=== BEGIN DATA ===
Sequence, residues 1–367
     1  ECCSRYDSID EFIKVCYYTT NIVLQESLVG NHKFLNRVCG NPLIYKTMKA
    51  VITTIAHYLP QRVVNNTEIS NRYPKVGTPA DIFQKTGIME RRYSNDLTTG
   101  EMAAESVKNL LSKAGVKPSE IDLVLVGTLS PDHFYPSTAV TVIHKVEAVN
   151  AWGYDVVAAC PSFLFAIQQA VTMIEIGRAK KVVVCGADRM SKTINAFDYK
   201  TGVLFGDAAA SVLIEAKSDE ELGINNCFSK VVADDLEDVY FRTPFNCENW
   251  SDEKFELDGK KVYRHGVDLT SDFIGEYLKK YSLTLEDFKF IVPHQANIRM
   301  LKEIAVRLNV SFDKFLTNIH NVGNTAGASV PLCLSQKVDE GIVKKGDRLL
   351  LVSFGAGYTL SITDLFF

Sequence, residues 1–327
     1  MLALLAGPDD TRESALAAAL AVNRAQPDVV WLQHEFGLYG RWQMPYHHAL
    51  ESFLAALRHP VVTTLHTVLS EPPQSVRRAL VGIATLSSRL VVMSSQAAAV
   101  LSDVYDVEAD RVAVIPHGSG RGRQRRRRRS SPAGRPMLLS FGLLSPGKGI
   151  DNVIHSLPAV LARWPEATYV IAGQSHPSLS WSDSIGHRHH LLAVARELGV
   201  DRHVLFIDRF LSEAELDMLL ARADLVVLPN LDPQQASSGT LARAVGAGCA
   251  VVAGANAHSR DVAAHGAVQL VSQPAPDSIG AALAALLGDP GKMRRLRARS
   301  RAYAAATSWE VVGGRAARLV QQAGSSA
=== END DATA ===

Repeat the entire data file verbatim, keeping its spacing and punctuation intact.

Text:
Sequence, residues 1–367
     1  ECCSRYDSID EFIKVCYYTT NIVLQESLVG NHKFLNRVCG NPLIYKTMKA
    51  VITTIAHYLP QRVVNNTEIS NRYPKVGTPA DIFQKTGIME RRYSNDLTTG
   101  EMAAESVKNL LSKAGVKPSE IDLVLVGTLS PDHFYPSTAV TVIHKVEAVN
   151  AWGYDVVAAC PSFLFAIQQA VTMIEIGRAK KVVVCGADRM SKTINAFDYK
   201  TGVLFGDAAA SVLIEAKSDE ELGINNCFSK VVADDLEDVY FRTPFNCENW
   251  SDEKFELDGK KVYRHGVDLT SDFIGEYLKK YSLTLEDFKF IVPHQANIRM
   301  LKEIAVRLNV SFDKFLTNIH NVGNTAGASV PLCLSQKVDE GIVKKGDRLL
   351  LVSFGAGYTL SITDLFF

Sequence, residues 1–327
     1  MLALLAGPDD TRESALAAAL AVNRAQPDVV WLQHEFGLYG RWQMPYHHAL
    51  ESFLAALRHP VVTTLHTVLS EPPQSVRRAL VGIATLSSRL VVMSSQAAAV
   101  LSDVYDVEAD RVAVIPHGSG RGRQRRRRRS SPAGRPMLLS FGLLSPGKGI
   151  DNVIHSLPAV LARWPEATYV IAGQSHPSLS WSDSIGHRHH LLAVARELGV
   201  DRHVLFIDRF LSEAELDMLL ARADLVVLPN LDPQQASSGT LARAVGAGCA
   251  VVAGANAHSR DVAAHGAVQL VSQPAPDSIG AALAALLGDP GKMRRLRARS
   301  RAYAAATSWE VVGGRAARLV QQAGSSA